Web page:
I know people who say they shouldn't, and it does seem like there are people on this forum who feel that way.
I feel that, regardless of the fact that that emancipation was prompted by military necessity, it nonetheless was a significant and momentous event in US history. It is no less significant and momentous because it happened due to the exigencies of war.
And it's not like emancipation was inevitable. Military necessity should have driven Confederates to adopt emancipation as well. But Confederates would not adopt that policy ~ and even then, only partially so ~ until their putative nation was on the brink of collapse. Differing social and cultural worldviews between the sections helps explain the differences in timing, scope, and extent of their policies.
I have no problem saying that US emancipation policy was driven mainly by wartime necessity, and only partially out of moral idealism. That makes me no less happy that the institution ended.

Note that I am not saying that Northern attitudes and policies toward race and slavery before and at the start of the war were unimportant, at all. My point is that nonetheless, white Unionists deserve some credit for their role in emancipation, such as it was.

4) Rather than speak for the people of the era, I want to tell of two things that African Americans themselves did. In this post I refer you to a happening in May 1865. In Charleston, SC, African Americans held a memorial for Union soldiers, most of them white at The First Decoration Day; these are excerpts from an article by David W. Blight:

At the end of the Civil War the dead were everywhere, some in half buried coffins and some visible only as unidentified bones strewn on the killing fields of Virginia or Georgia. Americans, north and south, faced an enormous spiritual and logistical challenge of memorialization. The dead were visible by their massive absence. Approximately 620,000 soldiers died in the war. American deaths in all other wars combined through the Korean conflict totaled 606,000. If the same number of Americans per capita had died in Vietnam as died in the Civil War, 4 million names would be on the Vietnam Memorial. The most immediate legacy of the Civil War was its slaughter and how we remember it.​
War kills people and destroys human creation; but as though mocking war’s devastation, flowers inevitably bloom through its ruins. After a long siege, a prolonged bombardment for months from all around the harbor, and numerous fires, the beautiful port city of Charleston, South Carolina, where the war had begun in April, 1861, lay in ruin by the spring of 1865. The city was largely abandoned by white residents by late February. Among the first troops to enter and march up Meeting Street singing liberation songs was the Twenty First U. S. Colored Infantry; their commander accepted the formal surrender of the city.​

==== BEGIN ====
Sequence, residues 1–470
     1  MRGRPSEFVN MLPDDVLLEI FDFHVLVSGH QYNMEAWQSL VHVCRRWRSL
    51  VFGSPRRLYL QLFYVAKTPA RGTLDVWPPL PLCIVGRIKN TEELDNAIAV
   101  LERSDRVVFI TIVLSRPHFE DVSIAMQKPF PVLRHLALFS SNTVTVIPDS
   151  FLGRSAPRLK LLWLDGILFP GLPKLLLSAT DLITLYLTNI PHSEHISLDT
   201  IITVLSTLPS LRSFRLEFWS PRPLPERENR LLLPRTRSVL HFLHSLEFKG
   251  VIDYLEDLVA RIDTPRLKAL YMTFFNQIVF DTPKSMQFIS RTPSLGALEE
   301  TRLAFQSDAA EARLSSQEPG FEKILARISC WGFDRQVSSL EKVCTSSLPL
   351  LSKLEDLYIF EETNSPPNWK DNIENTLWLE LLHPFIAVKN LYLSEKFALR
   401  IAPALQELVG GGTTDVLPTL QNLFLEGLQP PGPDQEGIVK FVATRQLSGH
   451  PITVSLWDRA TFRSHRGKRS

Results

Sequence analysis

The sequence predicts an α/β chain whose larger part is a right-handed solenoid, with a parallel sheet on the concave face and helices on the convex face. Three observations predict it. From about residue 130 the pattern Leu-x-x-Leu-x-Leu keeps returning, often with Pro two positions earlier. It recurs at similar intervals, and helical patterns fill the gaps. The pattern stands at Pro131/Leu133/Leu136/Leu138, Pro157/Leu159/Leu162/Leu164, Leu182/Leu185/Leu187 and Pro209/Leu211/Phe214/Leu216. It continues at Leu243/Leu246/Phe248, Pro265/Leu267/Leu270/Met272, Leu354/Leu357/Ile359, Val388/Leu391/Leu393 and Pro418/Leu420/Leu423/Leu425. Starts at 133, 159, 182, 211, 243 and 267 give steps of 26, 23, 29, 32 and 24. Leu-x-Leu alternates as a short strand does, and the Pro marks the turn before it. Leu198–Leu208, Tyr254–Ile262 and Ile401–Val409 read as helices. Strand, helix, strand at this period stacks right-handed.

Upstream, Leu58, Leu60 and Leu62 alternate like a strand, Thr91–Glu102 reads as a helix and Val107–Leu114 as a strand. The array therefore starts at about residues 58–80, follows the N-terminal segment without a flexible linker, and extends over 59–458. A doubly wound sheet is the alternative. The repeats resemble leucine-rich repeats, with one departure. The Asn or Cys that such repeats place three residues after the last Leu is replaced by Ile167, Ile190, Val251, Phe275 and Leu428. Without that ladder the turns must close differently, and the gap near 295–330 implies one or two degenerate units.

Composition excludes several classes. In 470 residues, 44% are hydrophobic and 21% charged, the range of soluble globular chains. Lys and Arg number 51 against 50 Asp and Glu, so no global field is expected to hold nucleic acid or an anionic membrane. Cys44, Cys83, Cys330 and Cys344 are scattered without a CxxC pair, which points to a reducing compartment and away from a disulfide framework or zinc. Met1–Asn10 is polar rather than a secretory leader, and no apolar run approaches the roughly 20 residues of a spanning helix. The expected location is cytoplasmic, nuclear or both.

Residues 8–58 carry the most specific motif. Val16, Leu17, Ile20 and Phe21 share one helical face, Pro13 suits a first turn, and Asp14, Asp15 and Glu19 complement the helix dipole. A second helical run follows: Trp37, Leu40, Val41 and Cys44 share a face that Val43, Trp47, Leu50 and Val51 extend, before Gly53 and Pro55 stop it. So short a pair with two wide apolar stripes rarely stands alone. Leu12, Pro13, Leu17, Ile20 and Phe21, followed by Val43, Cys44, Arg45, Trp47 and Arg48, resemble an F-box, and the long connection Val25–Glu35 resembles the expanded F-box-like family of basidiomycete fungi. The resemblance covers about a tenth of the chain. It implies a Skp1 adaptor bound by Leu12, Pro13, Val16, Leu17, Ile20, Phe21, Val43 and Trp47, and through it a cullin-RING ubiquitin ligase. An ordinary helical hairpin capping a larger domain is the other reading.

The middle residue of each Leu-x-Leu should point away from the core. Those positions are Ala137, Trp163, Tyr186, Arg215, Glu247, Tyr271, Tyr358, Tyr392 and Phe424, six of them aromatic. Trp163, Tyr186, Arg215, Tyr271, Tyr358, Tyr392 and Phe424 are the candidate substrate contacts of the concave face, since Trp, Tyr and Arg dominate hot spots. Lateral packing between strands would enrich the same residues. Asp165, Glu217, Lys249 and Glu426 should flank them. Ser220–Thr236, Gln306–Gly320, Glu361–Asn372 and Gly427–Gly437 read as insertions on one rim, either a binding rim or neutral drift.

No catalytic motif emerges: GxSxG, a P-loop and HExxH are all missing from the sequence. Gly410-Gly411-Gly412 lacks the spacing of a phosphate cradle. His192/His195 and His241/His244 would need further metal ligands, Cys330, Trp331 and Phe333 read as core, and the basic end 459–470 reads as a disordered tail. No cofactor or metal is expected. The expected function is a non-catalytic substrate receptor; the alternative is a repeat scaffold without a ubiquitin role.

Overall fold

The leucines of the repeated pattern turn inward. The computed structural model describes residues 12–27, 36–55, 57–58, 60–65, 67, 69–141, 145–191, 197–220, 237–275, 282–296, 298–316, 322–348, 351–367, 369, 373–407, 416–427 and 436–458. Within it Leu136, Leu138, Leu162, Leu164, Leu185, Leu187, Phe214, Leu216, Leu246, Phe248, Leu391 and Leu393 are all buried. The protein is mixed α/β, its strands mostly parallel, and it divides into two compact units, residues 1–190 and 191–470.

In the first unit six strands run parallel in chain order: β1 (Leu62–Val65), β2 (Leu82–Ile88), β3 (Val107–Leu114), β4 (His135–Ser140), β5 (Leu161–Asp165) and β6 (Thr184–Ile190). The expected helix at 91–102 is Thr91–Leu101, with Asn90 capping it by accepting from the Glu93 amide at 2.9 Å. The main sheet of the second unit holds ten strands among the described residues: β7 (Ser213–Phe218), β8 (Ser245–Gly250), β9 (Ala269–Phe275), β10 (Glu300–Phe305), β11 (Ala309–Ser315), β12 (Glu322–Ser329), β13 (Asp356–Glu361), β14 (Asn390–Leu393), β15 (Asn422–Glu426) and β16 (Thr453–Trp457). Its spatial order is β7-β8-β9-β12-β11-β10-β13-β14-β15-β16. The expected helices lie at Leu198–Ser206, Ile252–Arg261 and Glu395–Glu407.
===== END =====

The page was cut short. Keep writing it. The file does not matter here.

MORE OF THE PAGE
Thousands of black Charlestonians, most former slaves, remained in the city and conducted a series of commemorations to declare their sense of the meaning of the war. The largest of these events, and unknown until some extraordinary luck in my recent research, took place on May 1, 1865. During the final year of the war, the Confederates had converted the planters’ horse track, the Washington Race Course and Jockey Club, into an outdoor prison. Union soldiers were kept in horrible conditions in the interior of the track; at least 257 died of exposure and disease and were hastily buried in a mass grave behind the grandstand. Some twenty-eight black workmen went to the site, re-buried the Union dead properly, and built a high fence around the cemetery. They whitewashed the fence and built an archway over an entrance on which they inscribed the words, “Martyrs of the Race Course.”
Then, black Charlestonians in cooperation with white missionaries and teachers, staged an unforgettable parade of 10,000 people on the slaveholders’ race course. The symbolic power of the low-country planter aristocracy’s horse track (where they had displayed their wealth, leisure, and influence) was not lost on the freedpeople. A New York Tribune correspondent witnessed the event, describing “a procession of friends and mourners as South Carolina and the United States never saw before.”​